White paper highlights several lacunae including shortage of human resources, occupational health, surveillance; suggests series of measures under ‘Vision 2035’
The novel coronavirus disease (COVID-19) pandemic this year underscored the importance of disease surveillance; but the Niti Aayog has now pointed out several loopholes in India’s public health surveillance system.
The system largely addresses outbreaks of infectious diseases in several parts of the country and prepares periodic data reports.
A white paper released by the government think tank December 14, 2020, The white paper noted that while there were various verticals to collect data, they were all working in silos. There was no mechanism for data sharing,
Niti Aayog pointed to the example of data collection being done by labs in the network of Indian Council of Medical Research (ICMR), National Vector Borne Disease Control Programme and Integrated Disease Surveillance Project. All these three programmes of the Union government collected the same data but it was not exchanged for ‘unified use’, the think-tank said.
Health programmes that targeted specific populations like National AIDS Control Programme, National TB Elimination Program or Reproductive and Child Health (RCH) Programme, also generated data besides adhering to their basic mandates, the paper said. However, there was no single system where surveillance data generated by these big health programmes could be understood in its entirety.
The paper pointed a finger towards the quality of the data generated. It said research or use of data to answer critical health policy questions of the country had been very limited. “Systematic quality control under surveillance was never optimally addressed. There is limited ability of programme implementation structures to work in synchrony with research organisations and vice versa,” the paper said.
India invests significant resources in registration of deaths. The RCH programme recently started reviewing the causes of maternal and neonatal deaths. However, the little review that was being done, was not able to link the causes of mortality with morbidities. There was still no proper linking to find common ground between the causes of diseases and deaths.
Human resources also form a formidable challenge. Niti Aayog referred to the Joint Monitoring Mission 2015 report. As many as 42 per cent vacancies existed at state and district level surveillance systems, it said.
The think-tank also urged for an exploration of the reasons as to why public health surveillance was not given its due importance. Most of the positions of the Central Surveillance Unit at the Centre were filled either by deputation or on contract and the individuals ‘were loaded with multiple other responsibilities’, it noted.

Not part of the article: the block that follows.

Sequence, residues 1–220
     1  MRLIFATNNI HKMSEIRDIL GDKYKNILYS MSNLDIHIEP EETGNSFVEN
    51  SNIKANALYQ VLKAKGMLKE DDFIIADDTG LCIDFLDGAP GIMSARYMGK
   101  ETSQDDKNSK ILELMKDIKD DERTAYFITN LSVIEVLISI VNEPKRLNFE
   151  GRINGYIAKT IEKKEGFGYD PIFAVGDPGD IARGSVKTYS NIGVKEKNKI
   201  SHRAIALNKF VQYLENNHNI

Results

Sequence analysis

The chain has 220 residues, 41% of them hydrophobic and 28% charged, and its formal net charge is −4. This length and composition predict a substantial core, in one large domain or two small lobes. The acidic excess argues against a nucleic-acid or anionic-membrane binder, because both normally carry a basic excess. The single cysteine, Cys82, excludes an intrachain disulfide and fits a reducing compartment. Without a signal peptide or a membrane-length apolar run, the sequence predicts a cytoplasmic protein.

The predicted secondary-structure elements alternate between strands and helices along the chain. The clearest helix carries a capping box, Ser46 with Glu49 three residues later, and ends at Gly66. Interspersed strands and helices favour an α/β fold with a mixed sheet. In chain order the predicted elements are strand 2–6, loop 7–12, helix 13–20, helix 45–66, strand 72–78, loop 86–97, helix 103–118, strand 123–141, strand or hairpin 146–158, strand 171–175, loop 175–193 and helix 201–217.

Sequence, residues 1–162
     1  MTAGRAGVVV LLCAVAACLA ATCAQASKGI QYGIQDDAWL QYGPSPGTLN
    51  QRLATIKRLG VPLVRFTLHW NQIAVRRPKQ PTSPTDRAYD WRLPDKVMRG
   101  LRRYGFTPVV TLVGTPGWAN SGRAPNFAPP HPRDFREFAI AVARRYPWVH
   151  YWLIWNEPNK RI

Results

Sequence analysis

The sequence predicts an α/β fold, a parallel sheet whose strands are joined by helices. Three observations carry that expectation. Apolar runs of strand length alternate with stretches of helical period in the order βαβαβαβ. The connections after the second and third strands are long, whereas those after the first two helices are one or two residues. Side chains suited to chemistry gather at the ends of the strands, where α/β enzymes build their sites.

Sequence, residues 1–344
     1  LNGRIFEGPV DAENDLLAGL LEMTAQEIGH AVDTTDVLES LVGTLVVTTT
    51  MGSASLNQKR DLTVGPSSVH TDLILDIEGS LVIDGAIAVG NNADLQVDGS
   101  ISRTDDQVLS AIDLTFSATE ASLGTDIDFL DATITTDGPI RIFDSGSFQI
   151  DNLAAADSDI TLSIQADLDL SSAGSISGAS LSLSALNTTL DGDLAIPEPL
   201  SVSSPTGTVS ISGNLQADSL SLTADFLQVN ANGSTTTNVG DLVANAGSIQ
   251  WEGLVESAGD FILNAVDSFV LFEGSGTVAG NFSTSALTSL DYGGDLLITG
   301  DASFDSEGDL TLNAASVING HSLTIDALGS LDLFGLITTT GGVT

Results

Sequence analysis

India did not have an adequate number of public health professionals having expertise in what the Niti Aayog termed as ‘Epidemic Intelligence’.
To address this gap, India could draw a cue from the United States Centers for Disease Control and Prevention or the Public Health Agency of Canada, the paper said. Both these institutions have a two-year Master’s degree course in the field of epidemic intelligence.
A lot more was required to be done to improve the surveillance of non-communicable diseases (NCDs) that were not infectious and were mostly lifestyle-related, the paper said. A system to engage in surveillance of NCDs hardly existed in India, the paper said, even as many developed countries had developed their own 35-40 years ago.
“The ICMR has played a crucial role in enhancing surveillance of these three conditions through periodic surveys, cancer registries and expansion of surveillance in newly formed regional centres for cancer control,” the paper said.
“However, full integration of surveillance for NCD risk factors, disease and death statistics, and surveillance of injury and accidents, air pollution and its effects, etc, are yet to be included in surveillance,” it added.
Occupational health surveillance in India also left much to be desired. This type of surveillance addressed issues like lead toxicity, silicosis, etc. While the Ahmedabad-based National Institute of Occupation Health had taken several initiatives to collect the data, whatever data was generated hardly became part of India’s public health surveillance system, the think-tank said.
Growing antimicrobial resistance (AMR), emergence of new infectious diseases or new strains of existing diseases and increased rate of NCDs was only going to add to the many challenges of India’s health surveillance system, the paper said.
The paper said though ICMR had been collecting data on AMR from 25 public and private sites, it was ‘too little and too patchy’.
It said India had made good progress in improving the surveillance system. Despite these issues, the think-tank said, India had made good progress in improving the surveillance system. Meanwhile, it highlighted a series of steps taken under ‘Vision 2035’ for improving the system. These included integration within the health system, strengthening of community-based surveillance and expansion of laboratory networks
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